If you do not pay your fine and you ignore all reminders, the matter becomes more serious and costly. The Infringements Court may issue an infringement warrant, giving the Sheriff power to enforce that warrant.
If you have an infringement warrant or a warrant to seize property issued against you, a sheriff's officer may come to your address to demand that you pay the outstanding amount (this is an official process called a 'payment demand'). If payment is not made or you have not been granted a payment order or revocation, the sheriff's officer can seize and sell your property to the value of the outstanding debt.
This page contains information about:
A sheriff's officer can take goods that belong to you to enforce your fines. However, they cannot take goods that are necessary for you and your household to live in basic comfort.Things you can keep include:
You can sign a consent form to let the Sheriff take your primary means of transport under an infringement warrant, where it is worth $7,350* or less.
*Current as at 24th July 2013. These amounts change with the Consumer Price Index (CPI) each financial year. For the current figure please view Indexed Amounts.
Sheriff's officers have the power to restrain physically anyone who tries to stop them enforcing the warrant.
If a sheriff's officer intends to seize your property to enforce an unpaid fine, they will ask you to sign for safekeeping of these assets until they return to take them. If you refuse to sign for safekeeping, they will remove the assets immediately.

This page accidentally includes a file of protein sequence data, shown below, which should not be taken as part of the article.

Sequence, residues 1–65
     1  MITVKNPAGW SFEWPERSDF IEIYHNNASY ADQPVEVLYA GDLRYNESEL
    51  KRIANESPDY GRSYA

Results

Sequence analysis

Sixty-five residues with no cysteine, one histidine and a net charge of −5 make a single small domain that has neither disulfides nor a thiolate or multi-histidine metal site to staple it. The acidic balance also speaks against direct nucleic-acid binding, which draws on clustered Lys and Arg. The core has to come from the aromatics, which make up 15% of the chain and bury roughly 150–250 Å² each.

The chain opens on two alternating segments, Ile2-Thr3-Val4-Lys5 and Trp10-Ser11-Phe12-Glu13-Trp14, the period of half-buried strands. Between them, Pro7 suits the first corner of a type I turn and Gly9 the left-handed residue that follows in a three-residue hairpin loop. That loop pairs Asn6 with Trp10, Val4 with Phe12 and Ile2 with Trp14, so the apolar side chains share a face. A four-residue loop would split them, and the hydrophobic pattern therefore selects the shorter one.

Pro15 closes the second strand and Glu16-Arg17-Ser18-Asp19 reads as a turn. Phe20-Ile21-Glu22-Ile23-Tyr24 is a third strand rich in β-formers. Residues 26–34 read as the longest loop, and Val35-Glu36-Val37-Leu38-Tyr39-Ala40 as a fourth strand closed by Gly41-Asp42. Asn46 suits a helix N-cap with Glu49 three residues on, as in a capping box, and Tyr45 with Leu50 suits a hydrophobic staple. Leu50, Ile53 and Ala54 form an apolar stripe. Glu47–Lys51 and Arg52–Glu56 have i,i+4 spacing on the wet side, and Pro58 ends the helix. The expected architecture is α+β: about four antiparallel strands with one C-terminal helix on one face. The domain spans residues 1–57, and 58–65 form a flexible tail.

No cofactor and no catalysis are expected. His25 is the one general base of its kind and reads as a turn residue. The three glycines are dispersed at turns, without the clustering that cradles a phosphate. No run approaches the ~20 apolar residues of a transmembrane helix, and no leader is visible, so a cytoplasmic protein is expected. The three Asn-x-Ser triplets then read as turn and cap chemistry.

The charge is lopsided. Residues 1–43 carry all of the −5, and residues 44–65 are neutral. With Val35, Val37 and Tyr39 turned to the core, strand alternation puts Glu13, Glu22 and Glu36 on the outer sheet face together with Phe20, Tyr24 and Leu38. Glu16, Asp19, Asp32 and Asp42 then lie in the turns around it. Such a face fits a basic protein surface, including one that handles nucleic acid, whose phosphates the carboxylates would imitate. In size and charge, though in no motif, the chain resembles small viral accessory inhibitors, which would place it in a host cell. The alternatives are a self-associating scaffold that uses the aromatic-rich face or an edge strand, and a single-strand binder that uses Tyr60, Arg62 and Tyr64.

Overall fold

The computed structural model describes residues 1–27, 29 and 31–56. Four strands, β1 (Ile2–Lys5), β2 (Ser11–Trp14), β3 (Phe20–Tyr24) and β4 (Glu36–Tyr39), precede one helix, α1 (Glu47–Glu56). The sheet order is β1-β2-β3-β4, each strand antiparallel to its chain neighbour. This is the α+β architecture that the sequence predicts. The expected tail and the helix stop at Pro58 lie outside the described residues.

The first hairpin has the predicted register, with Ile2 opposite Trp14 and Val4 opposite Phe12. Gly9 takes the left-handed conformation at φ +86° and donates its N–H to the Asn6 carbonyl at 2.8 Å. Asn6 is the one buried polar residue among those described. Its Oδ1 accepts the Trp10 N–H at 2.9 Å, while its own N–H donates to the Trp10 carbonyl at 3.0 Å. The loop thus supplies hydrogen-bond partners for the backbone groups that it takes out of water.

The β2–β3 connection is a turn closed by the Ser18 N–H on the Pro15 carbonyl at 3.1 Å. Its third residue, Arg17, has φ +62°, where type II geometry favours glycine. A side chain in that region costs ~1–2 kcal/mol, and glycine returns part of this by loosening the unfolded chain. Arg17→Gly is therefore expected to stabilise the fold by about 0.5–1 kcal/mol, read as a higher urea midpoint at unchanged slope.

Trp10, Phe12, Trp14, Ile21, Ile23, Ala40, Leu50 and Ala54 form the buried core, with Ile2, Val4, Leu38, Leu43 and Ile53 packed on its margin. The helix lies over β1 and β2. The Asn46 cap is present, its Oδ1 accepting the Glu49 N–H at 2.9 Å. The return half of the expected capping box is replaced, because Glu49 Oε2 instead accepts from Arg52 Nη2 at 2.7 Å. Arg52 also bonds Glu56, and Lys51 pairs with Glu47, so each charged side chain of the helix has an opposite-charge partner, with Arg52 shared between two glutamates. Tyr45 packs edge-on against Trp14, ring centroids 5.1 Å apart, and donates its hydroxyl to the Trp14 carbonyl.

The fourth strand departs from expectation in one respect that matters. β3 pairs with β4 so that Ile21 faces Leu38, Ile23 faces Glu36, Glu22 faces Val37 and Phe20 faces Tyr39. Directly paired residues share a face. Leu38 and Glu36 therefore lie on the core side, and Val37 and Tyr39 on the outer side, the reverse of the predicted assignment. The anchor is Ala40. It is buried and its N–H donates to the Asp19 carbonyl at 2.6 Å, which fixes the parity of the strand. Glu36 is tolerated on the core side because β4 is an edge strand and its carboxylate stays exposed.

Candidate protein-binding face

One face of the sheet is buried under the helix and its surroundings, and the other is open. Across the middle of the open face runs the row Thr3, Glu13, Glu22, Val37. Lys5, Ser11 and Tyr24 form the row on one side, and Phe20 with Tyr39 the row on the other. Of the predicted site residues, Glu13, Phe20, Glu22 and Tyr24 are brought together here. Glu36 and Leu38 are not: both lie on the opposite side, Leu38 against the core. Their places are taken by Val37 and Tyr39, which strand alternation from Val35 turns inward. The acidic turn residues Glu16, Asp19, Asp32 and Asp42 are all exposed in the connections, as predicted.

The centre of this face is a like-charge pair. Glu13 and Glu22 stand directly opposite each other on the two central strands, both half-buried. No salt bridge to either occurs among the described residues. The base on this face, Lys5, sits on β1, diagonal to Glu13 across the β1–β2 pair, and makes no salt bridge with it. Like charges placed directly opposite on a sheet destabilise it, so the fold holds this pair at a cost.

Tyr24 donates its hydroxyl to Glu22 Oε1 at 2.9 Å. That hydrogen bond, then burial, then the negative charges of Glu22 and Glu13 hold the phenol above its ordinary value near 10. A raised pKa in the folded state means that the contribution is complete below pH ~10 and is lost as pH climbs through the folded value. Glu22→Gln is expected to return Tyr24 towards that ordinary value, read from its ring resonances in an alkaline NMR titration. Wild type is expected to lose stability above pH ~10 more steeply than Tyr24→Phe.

If you sign for safekeeping of certain assets, you must not:
If you do any of the above, you risk a large fine, jail or both.
All property seized to satisfy outstanding criminal and civil warrants can be sold by the Sheriff at public auction.
During a search for, or seizure of assets, a debtor may:
A third party claim does not necessarily prevent a sheriff's officer from forming a 'reasonable belief' that the debtor owns the property.
The sheriff's officer can provide an Adverse Claim for Property form to the debtor or directly to the third party claimant.
The Adverse Claim for Property form must be completed by the third party claimant and copies of supporting evidence, such as receipts of the property should be attached. The receipts should be in the claimant's name or the claimant should provide statutory declarations from witnesses attesting to ownership of the property.
The Sheriff's office will notify the enforcement agency or judgment creditor that issued the original infringement or lodged the warrant. If the enforcement agency disputes the claim, the Sheriff can apply to the court for an interpleader proceeding to have the question of property ownership determined.
In an interpleader proceeding the court will decide whether the seized property belonged to the third party claimant at the time of seizure.
If the court accepts the third party claim, the Sheriff will release the property to the third party claimant.
Download Adverse Claim for Property form